Star Sightings!

Hiking by ourselves in the California High Sierras, my husband John and I camped far above timberline, beside a still, pristine lake, surrounded by heavy boulders in lieu of mountain pine. That evening we ate big golden trout, unwary and easily caught, for our dinner.

As my father and I had done when I was a child, John and I slept tent free, open to the night around us. Rain came infrequently in September in the Sierras. We preferred to sleep only in downy sleeping bags, our vision unfettered by a covering of canvas. In this place, far above civilization, out of reach of star-dimming light, on a moonless, clear night, the sky seemed embodied with stars and galaxies.

Wikimedia VISTA's_infrared_view_of_the_Orion_Nebula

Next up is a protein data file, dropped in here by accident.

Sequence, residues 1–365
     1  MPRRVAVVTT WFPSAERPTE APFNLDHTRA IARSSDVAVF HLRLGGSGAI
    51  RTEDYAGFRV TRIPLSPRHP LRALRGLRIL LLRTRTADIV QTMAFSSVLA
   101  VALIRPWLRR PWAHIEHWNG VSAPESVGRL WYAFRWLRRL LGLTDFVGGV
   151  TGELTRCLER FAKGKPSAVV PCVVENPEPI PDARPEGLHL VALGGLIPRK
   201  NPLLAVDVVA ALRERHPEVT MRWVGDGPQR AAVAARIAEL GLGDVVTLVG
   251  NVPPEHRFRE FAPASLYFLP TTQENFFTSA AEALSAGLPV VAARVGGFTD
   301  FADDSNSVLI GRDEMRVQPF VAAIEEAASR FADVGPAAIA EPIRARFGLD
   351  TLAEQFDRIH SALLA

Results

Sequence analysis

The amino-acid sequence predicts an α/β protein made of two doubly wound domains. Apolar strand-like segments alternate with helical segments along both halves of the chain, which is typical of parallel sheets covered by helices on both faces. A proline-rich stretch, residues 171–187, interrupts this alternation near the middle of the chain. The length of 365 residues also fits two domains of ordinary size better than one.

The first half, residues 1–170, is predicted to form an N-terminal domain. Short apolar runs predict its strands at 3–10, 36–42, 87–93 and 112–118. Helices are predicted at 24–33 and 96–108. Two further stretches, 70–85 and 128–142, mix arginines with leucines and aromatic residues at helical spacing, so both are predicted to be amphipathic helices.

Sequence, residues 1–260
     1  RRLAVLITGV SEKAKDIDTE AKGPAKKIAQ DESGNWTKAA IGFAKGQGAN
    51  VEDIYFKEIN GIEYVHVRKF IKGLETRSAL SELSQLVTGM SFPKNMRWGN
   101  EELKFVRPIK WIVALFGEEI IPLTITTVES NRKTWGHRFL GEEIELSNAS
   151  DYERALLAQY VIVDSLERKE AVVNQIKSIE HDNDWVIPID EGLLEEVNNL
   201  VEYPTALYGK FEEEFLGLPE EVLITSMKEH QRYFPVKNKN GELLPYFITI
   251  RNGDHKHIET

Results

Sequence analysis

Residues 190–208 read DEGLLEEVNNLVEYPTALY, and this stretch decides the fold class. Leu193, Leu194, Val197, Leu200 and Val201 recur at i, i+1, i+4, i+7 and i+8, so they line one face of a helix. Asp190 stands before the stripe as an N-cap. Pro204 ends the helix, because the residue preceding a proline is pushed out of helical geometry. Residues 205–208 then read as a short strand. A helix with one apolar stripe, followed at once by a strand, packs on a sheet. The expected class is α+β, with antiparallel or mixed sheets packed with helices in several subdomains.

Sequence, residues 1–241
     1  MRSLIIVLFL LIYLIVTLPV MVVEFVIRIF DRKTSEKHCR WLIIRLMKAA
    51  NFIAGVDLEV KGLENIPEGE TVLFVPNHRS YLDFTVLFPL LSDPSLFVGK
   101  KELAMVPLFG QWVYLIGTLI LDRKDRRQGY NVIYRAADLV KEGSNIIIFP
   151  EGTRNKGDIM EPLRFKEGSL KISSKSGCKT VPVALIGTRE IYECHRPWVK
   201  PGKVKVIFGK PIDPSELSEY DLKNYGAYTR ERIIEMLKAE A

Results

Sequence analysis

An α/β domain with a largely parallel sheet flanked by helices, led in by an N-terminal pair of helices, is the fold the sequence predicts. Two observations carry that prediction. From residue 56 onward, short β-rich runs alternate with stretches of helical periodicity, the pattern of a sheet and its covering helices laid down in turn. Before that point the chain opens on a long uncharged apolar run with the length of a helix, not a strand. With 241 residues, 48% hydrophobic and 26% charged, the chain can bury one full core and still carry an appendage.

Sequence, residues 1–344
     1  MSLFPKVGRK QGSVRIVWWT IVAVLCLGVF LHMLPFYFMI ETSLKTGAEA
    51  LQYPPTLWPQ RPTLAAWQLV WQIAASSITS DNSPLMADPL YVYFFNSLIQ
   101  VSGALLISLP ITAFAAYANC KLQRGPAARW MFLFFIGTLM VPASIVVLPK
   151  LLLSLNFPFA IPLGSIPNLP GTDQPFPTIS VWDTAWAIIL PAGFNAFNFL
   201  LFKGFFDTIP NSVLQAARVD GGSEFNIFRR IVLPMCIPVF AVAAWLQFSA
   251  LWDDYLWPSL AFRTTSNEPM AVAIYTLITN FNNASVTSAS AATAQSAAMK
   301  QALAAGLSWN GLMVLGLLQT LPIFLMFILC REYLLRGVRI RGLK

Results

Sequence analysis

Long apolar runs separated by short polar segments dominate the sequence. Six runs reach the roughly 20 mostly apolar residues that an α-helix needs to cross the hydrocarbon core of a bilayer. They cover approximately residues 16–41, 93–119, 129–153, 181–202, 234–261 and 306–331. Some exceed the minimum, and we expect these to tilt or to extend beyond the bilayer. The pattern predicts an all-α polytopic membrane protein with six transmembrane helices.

Orion Nebula    Credit: ESO/J. Emerson/Vista   

Knowing better, I extended my arm, wanting to touch them, caress them. Thousands of stars—some shining pure light, others shimmering—painted the black sky with gleaming dots of white.

We were on the edge of the world, high above the level places, where the atmosphere thinned and the night was black and the stars were the prime attraction.

Glorious stars like those we saw that night bear witness to their Creator. I had learned this on an earlier star sighting. On a dry, clear night, perfect for looking at a brilliantly lit, star-studded sky, as my father and I stopped our car on the verge of Interstate 10 and stepped through a row of eucalyptus trees to view the sky, I first encountered the stars capacity to inspire awe.

As I described in another post, that night glowing stars peppered the heavens to the borders of my vision. The Milky Way blazed in transcendent glory. As I looked at that brilliantly lit night sky I sensed a living presence, bigger than myself, or my father, or even the expanse of stars that filled the sky. It was a pressing presence, a voice of a different kind, so clear that I have never forgotten it. I never want to.